WWII brought about shortages of many basic commodities. One of these was rubber. Rubber was needed for military purposes, and there wasn’t enough of it.
A Scottish engineer named James Wright was looking for a man-made rubber substiitute. He was trying all sorts of mixtures of chemical compounds at the General Electric laboratory in New Haven, Connecticut.
Wright combined boric acid and silicone oil in one experiment. To his delight, it polymerized into a rubbery substance! He excitedly shared his creation with his employers and they began sending samples to other engineers all over the world, looking for a proposed use of the hard-won artificial rubber.
The results were silence. Not one practical idea for the bouncing putty emerged from the educated minds.
Nobody could think of what you could use the rubbery blobs for, but all enjoyed playing with them very much.
Peter Hodgson, an unemployed advertising man, was the man behind the marketing of Silly Putty. Hodgson had marketed the bouncing putty for a New Haven toy store. It sold well. But the store’s owner decided not to market it any more for some strange reason. So he borrowed some cash and purchased a large quantity of the goo from GE for $150. He also purchased a bunch of little plastic eggs and put a dollop of the putty in each one. He sold them for a buck a pop.
At the New York International Toy Fair in 1950, he introduced Silly Putty to the world. It was well received, and sales were steady, but not spectacular.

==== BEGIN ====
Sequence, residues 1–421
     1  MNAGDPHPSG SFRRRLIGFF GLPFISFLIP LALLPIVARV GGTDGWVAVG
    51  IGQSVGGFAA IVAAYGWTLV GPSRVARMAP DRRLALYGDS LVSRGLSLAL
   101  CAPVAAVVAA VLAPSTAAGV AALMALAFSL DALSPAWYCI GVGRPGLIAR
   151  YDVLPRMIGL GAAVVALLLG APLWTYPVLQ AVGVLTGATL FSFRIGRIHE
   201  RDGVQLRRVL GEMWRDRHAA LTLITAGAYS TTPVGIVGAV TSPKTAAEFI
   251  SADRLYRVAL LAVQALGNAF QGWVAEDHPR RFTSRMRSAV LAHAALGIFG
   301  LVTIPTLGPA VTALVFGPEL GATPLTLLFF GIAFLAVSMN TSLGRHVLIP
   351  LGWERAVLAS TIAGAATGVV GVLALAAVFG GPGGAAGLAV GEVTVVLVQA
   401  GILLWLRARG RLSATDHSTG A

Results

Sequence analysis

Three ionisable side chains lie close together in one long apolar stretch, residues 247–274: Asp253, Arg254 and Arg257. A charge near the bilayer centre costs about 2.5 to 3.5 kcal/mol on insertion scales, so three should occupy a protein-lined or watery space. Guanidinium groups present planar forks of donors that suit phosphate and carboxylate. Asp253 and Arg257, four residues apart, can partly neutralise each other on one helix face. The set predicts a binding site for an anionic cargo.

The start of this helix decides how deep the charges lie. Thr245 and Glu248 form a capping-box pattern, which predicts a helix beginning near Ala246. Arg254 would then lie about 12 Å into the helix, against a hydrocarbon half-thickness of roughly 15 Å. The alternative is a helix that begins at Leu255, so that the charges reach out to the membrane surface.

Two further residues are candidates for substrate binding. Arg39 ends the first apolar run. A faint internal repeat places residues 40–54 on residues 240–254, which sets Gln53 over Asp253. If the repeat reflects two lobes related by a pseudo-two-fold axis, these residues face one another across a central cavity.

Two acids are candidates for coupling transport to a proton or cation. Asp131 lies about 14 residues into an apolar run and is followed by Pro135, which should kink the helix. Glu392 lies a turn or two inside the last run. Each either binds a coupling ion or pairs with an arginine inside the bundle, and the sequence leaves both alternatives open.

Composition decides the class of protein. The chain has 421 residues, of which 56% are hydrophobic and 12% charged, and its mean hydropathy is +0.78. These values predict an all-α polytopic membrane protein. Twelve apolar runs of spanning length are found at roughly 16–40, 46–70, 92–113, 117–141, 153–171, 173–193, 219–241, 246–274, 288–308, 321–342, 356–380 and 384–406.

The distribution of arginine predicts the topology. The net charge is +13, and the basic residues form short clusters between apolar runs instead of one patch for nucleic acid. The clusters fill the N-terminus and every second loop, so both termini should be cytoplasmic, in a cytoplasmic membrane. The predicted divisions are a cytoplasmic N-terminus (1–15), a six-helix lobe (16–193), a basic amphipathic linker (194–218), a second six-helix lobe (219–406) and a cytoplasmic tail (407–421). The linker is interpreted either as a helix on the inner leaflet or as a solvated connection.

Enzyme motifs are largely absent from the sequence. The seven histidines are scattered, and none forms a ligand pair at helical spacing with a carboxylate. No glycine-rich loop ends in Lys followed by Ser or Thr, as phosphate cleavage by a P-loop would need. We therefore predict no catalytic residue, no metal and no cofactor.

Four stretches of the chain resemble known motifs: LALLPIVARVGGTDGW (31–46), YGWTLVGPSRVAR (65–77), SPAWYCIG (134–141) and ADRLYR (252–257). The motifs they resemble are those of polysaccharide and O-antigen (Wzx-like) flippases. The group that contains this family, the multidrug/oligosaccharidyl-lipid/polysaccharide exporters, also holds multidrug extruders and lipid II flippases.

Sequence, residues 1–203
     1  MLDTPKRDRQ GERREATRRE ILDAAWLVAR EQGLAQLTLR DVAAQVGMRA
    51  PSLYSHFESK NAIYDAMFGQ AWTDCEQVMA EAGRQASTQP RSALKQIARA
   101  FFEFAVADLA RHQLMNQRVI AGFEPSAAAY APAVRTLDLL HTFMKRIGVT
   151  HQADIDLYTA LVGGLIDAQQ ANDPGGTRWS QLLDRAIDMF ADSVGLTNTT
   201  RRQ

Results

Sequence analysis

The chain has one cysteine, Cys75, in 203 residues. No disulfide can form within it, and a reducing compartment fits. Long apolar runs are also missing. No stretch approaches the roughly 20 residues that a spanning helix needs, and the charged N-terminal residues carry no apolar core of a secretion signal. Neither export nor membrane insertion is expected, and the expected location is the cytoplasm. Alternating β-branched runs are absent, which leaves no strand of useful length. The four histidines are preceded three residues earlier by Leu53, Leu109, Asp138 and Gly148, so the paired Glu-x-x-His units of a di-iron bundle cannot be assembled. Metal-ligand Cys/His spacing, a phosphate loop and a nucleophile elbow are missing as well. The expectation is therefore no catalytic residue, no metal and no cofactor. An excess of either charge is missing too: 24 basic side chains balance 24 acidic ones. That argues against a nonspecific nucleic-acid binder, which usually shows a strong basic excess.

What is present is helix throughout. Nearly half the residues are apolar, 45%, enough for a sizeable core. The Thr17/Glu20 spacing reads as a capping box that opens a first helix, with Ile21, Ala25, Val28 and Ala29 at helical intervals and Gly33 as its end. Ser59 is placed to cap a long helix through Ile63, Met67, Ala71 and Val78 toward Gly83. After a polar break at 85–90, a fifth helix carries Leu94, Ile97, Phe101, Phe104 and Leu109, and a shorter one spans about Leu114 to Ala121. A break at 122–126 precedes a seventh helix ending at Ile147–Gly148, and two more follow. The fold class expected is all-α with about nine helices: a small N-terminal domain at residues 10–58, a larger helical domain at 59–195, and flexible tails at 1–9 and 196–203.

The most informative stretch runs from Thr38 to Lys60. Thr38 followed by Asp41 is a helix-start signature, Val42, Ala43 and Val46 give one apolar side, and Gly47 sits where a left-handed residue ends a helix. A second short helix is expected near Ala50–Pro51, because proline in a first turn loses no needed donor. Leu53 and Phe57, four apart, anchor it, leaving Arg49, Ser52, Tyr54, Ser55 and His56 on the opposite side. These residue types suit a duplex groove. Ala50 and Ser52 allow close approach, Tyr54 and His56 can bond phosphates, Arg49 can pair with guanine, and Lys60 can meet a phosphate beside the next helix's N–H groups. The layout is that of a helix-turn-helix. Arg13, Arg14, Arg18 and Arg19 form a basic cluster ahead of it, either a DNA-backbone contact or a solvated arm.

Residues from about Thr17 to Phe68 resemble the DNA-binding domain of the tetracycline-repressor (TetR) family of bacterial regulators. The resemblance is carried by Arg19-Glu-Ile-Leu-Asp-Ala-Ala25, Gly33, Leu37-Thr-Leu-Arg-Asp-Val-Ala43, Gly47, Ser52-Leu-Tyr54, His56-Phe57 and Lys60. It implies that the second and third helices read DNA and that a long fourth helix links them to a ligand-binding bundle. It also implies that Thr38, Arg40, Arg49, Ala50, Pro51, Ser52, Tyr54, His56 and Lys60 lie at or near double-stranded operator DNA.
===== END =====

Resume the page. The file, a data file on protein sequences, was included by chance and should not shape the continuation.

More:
Then, in August, Silly Putty received a boost similar to the one Yours Truly was fortunate to get earlier this year with the mention on CBS’s The Early Show. In Hodgson’s case, it was an in The New Yorker extolling the bouncy putty. Within three days, he had received a quarter of a million orders!
Then, the Korean conflict almost killed his thriving business. Government restrictions on silicone usage in 1951 forced him to carefully parcel out 1500 lbs. of Silly Putty. The next year, restrictions were lifted, and production ramped back up.
Silly Putty appeared in television commercials beginning in the 60’s, and that caused sales to climb ever higher.
Interestingly, Silly Putty saw the demographic of its customers reverse early in the game. When it was introduced, it was a novelty that appealed to grownups, accounting for 80% if its sales. But within five years, the buyers were 80% children! The ratio has stayed there ever since.
Silly Putty could bounce. It could stretch. It could flow slowly like a thick liquid. And, of course, it could pick up ink, as in images from comic books and newspapers.
It was (and still is) small, cheap, and perfect for lots of imaginative uses. It’s also completely useless for any practical purpose other than entertainment. But it’s absolutely perfect for that.
And today, an old goat who just turned 48 keeps a container of Silly Putty in his desk drawer to play with during conference calls and the like.
It’s as much fun now as it was about 1967.